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contemporary printing (home computers and printers) is the computer pica 
(1⁄72nd of the Anglo-Saxon compromise foot of 1959, i.e. 4.233 mm or 0.166 in). 
At 100% zoom one computer pica corresponds to 12 image pixels on a computer 
monitor display, thus one computer point corresponds with one image pixel.
pixel
Pixel fonts are modular type designs that take advantage of the pixel grid to 
render often very small type on screen. They are very popular in web design, but 
also became an aesthetic on their own.
point
Type sizes are generally expressed in points. The point is a typographic unit of 
measure corresponding to 1⁄12th of a pica. At 100% zoom one computer point 
corresponds with one image pixel on a computer monitor display.
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 type glossary | ab c d e f gh i j k l m n o p q r s t uv w x yz
point size
The point size of a typeface refers to the size of the body, the imaginary area 
that encompasses each character in a font. This is why a typeface with a large 
x-height appears bigger than a typeface with a small x-height at the same point 
size.
postscript
A technology developed and trademarked by Adobe Systems, Inc. On older 
systems, PostScript fonts require Adobe Type Manager. On the Mac, PostScript 
fonts consist of a printer font and a bitmap suitcase, which should always be 
kept together.
PostScript fonts are generally more difficult to maintain, and PostScript fonts 
can have compatibility issues with some operating systems like Vista.
pro
OpenType Pro fonts share the same technical specifications as OpenType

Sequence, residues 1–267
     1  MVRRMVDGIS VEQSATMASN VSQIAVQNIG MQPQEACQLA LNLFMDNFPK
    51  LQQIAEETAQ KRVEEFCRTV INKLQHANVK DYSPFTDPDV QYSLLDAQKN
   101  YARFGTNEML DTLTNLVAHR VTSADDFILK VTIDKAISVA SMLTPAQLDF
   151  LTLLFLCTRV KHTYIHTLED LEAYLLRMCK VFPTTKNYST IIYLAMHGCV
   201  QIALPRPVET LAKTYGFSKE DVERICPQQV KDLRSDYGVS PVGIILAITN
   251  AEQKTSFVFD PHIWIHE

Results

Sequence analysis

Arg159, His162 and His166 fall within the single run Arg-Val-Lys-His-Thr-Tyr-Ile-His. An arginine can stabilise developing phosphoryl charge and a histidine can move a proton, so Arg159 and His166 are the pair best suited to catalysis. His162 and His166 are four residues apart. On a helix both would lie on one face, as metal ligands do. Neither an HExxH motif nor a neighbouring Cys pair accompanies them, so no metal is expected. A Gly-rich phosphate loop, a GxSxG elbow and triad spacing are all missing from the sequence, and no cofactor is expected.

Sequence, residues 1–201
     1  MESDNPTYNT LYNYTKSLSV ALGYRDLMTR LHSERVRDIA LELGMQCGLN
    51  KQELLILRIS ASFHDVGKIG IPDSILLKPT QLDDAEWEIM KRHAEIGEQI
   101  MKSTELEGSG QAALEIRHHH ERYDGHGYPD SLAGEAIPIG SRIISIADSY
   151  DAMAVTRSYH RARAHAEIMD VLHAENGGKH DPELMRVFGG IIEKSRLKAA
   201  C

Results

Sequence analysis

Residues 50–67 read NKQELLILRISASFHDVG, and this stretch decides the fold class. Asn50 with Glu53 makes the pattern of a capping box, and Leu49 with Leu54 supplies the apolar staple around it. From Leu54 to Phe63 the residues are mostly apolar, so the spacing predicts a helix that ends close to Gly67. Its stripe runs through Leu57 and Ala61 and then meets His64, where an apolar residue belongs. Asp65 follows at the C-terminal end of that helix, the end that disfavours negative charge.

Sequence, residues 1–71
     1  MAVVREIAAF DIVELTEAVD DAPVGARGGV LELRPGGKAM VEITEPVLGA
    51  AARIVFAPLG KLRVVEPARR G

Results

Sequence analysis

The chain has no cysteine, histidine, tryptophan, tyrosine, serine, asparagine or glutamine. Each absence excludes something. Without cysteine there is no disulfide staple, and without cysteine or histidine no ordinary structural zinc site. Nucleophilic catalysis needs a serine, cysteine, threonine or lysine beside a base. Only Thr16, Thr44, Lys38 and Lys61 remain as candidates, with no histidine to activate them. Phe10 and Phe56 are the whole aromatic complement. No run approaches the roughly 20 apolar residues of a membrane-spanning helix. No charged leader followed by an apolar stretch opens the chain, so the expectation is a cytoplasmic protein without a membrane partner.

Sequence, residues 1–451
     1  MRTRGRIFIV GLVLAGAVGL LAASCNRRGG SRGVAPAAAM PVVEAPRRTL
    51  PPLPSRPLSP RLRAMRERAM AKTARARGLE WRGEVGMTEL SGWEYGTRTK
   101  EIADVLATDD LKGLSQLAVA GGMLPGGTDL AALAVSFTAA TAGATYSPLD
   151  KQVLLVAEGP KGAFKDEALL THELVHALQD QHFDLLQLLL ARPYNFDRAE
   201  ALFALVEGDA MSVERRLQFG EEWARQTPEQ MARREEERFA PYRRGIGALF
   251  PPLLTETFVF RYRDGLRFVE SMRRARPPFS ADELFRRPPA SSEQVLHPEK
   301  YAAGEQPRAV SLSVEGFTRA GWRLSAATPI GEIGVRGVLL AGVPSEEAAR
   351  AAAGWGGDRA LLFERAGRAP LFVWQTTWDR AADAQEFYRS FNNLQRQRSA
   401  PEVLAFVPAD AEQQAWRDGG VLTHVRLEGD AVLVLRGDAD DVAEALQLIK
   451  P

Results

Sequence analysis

Standard (Std, or simply OT) fonts, but support a broader range of languages. 
Standard OT fonts contain support for Western languages, while Pro fonts 
include Central European and often Latin Extended, and often Greek and/or 
Cyrillic and Extended Cyrillic.
proportional figures
Proportional figures are different from Tabular figures in their total character 
width. They are spaced to fit together more like letters. For instance, the figure 
1 is very narrow like the letter l and takes up less width than the number 6. 
Because their spacing appears more even, these figures are best in texts and 
headings where columnar alignment is not necessary. There are Proportional 
Lining Figures and Proportional Oldstyle Figures.
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the typographer’s glossary
Common Type Terminology
 type glossary | ab c d e f gh i j k l m n o p q r s t uv w x yz
SsRr
R as in Roman
roman
The (standard) upright type style. The term Roman is also sometimes used to 
denote the Regular weight.
small caps
Small caps are capital letters that are approximatively as high as the x-height 
of the lowercase letters. When properly designed small caps are absent in the 
selected font, many applications can create small caps by scaling down the 
capitals. However this makes these fake small caps too light and narrow, and 
they don’t harmonise properly with the lowercase. Originally small caps were 
only available for the roman text weight(s), but nowadays many type families 
also have them for the italics and the bolder weights.
When small caps are built-in as OpenType features, certain (older) operating 
systems and applications will not be able to access them.
font used:
ff quadraat
small caps example:
Beguiling
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 type glossary | ab c d e f gh i j k l m n o p q r s t uv w x yz
spacing
Spacing refers to the distribution of horizontal space on both sides of each 
character in a font to achieve a balanced and even texture. Spacing problems in 
difficult letter combinations (exceptions) are solved with kerning. Well-spaced 
fonts need comparatively less kerning pairs.
std/ot (opentype standard)
(appended to a font or volume name) OpenType Standard fonts support the